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Michael’s Corner

Michael BeallMichael's Corner is a monthly publication written by Michael E. Beall, Autodesk Authorized Author and peripatetic AutoCAD trainer. Michael travels all over the USA, bringing his fantastic experience and great understanding of AutoCAD to his clients. Michael's Corner brings together many of the tips, tricks and methods developed during these training sessions for the benefit of all users.

Michael's Corner provides something for every AutoCAD user. Every month, a number of articles cover a wide range of topics, suitable for users at all levels, including "The Basics" for those just starting out. Essentially, the aim of Michael's Corner is to help all AutoCAD users work smarter and faster.


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This month…

October - One-derful!!!

It's a God-thing.

I had no idea that 14 years ago I would be given the opportunity to make an impact on the professional lives of so many. Only God knew what was ahead, and hopefully, the contributions I have made through Michael's Corner have equipped many of you to be more productive and a bit more savvy using AutoCAD. And apart from all the AutoCAD bashing that is going on, I'm sure it has a long life ahead.

So, in an effort to keep the AutoCAD fires burning, here's what I have for my final installment…

…A reminder on how to customize your hot keys
…Three Power Tools — one for Zoom, one for editing, and one for Layers
…Two Odd Spots — one for Layers and one for Hatching
…Buried text treasure
…And how to Search 14 years of the Archives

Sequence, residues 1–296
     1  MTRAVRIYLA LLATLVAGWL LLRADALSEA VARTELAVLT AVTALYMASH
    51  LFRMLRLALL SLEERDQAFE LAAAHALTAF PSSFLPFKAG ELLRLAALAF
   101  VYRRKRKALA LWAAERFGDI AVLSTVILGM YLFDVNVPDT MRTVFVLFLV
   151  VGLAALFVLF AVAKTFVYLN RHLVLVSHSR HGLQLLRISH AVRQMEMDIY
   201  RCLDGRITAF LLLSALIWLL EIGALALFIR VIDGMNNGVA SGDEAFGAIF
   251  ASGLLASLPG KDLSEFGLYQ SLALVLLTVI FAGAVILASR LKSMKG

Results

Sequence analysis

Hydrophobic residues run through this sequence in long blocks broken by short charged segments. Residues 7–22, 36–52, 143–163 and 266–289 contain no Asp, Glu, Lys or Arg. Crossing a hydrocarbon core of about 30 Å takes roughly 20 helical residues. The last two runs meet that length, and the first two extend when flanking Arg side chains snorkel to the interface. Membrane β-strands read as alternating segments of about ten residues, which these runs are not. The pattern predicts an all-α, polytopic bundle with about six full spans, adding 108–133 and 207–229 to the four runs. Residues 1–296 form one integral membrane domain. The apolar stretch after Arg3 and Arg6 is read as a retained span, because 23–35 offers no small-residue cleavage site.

As for what's ahead for me, I will continue to present a variety of AutoCAD sessions — Fundamentals, Intermediate, Customizing, Updates, and 2D & 3D. I will also keep training CAP Designer, 20-20 Worksheet, Visual Impression (those three from 20-20 Technologies, Inc.), and some Revit Fundamentals. Next year I'm looking forward to being very involved in training CET (from Configura, Inc.) when Herman Miller joins the growing number of manufacturers embracing this software that is being touted as the ‘Future of Space Planning’. Personally, I'm looking forward to spending a bit more time with Donna, my lovely bride of 30 years. When this posts, we'll probably be within days of going on our 30th Anniversary vacation to the Tanque Verde Ranch in Tucson; Ee-Hah! We had such a good time when we went for our 20th, we figured we'd do it again!

Ah, and I'm hoping to have The AutoCAD Workbench, Final Edition out before snow flies.

And with that, Mike drop! …so to speak.

The LORD bless you and keep you;
The LORD make His face shine upon you,
And be gracious to you;
The LORD lift up His countenance upon you,
And give you peace. Numbers 6:24-26

This month's articles

Change F1 to ESC
Smoother Zoom
Stretch with Extension
Lock Layers with a Crossing Window
Layer Columns & Hatch Background Color
Text Frame on Mtext

From the Vault

Originally published April 2012

Add an Arc to a Polyline

AutoCAD 2011 introduced the 'multi-function' grip; a concept that was applied to the standard square grip, as well as the dot-grip for hatches, and the rectangular multi-function grip located at the mid-point of polylines. Now when you hover in any type of grip, you get a shortcut menu.


Let's say you have drawn a polyline around a room so you can calculate the area, but the polyline went straight through a circular column… and now you want to make the polyline follow the arc of the column.

How to Add an Arc to a Polyline

  1. Add VertexSelect the polyline to display the grips.

  2. Hover in the multi-function grip at the midpoint, then click Add Vertex.

  3. IntersectionUse Intersection snap and add a vertex at one of the polyline/circle intersections. Repeat the process for the other side of the circle so you now have a vertex on both sides of the circle.

    Quick selection of object snapsNote: To quickly access the Intersection snap, use Shift + Right-click to open the object snap shortcut menu, then click Intersection. I typically set my Osnap to Endpoint and Node, then use this method if I need any other object snap for a single shot.

  4. Click the polyline again, hover in the grip in the middle of the circle, then click Convert to Arc.

  5. NearestUse Shift + Right-click, then the Nearest option and click on the circle to complete the process!

The result is an arc segment within your polyline.


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